Oliver, Critique of Socioeconomic Goals, pp. 26–57.
Edward H. Chamberlin, The Theory of Monopolistic Competition, 7th ed. (Cambridge: Harvard University Press, 1956), pp. 182ff. “Pure” competition is an unrealistic—and undesirable—model admired by many economists, in which all firms are so tiny that no one has any impact on its market. See, Man, Economy, and State, chapter 10.
Oliver often cites in his support the essay of Frank H. Knight, “Freedom as Fact and Criterion” in Freedom and Reform (New York: Harper & Bros., 1947), pp. 2–3. There is no need to elaborate further on Knight’s essay, except to note his attack on Spencer for adopting both “psychological hedonism” and “ethical hedonism.” Without analyzing Spencer in detail, we can, by a proper interpretation, make very good sense of combining both positions. First, it is necessary to change “hedonism”—the pursuit of “pleasure”—to eudaemonism—the pursuit of happiness. Second, “psychological eudaemonism,” the view that “every individual universally and necessarily seeks his own maximum happiness,” follows from the praxeological axiom of human action. From the fact of purpose, this truth follows, but only when “happiness” is interpreted in a formal, categorial, and ex ante sense, i.e., “happiness” here means whatever the individual chooses to rank highest on his value scale.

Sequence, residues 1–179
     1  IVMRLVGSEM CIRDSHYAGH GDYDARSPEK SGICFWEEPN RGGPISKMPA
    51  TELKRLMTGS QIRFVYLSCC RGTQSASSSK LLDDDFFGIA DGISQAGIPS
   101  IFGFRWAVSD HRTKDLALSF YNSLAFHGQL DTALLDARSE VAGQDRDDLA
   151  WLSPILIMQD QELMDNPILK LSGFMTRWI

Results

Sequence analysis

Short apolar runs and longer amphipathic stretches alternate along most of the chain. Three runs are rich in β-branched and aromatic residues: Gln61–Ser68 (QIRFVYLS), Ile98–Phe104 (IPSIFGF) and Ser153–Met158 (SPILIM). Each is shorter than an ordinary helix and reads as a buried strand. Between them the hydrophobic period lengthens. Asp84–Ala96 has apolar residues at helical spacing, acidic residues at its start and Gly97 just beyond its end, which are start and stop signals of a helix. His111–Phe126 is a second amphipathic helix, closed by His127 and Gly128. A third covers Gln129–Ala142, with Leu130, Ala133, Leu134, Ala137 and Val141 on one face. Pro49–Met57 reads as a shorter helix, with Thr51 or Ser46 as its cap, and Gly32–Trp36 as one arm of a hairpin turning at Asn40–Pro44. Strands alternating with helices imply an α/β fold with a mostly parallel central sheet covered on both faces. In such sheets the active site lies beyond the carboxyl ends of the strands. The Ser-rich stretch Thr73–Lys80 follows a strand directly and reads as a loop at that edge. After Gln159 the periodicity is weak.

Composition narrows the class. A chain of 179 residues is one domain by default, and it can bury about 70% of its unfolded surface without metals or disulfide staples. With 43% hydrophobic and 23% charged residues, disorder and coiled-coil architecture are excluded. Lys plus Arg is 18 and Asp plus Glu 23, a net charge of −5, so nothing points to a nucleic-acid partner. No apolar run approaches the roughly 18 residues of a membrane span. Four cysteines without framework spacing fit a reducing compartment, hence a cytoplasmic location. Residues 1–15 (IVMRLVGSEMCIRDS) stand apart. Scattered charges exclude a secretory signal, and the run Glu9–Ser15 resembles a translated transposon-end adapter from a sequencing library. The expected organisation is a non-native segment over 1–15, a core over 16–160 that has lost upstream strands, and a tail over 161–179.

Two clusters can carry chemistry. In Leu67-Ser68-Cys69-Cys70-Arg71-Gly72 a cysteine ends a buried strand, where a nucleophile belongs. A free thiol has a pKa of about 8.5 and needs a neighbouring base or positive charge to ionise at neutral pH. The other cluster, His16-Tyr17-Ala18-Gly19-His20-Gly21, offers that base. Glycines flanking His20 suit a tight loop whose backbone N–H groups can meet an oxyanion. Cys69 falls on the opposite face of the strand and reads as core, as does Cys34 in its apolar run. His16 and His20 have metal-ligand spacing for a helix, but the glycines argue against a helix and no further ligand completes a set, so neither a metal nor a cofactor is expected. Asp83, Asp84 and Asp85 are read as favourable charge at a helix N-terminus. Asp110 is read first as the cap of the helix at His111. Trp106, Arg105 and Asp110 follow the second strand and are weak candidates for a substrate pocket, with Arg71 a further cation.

Ethical eudaemonism—that an individual should seek his maximum happiness—can also be held by the same theorist, when happiness is here interpreted in a substantive and ex post sense, i.e., that each individual should pursue that course which will, as a consequence, make him happier. To illustrate, a man may be an alcoholic. The eudaemonist may make these two pronouncements: (1) A is pursuing that course which he most prefers (“psychological eudaemonism”); and (2) A is injuring his happiness, this judgment being based on “happiness rules” derived from the study of the nature of man, and therefore should reduce his alcohol intake to the point that his happiness is no longer impaired (“ethical eudaemonism”). The two are perfectly compatible positions.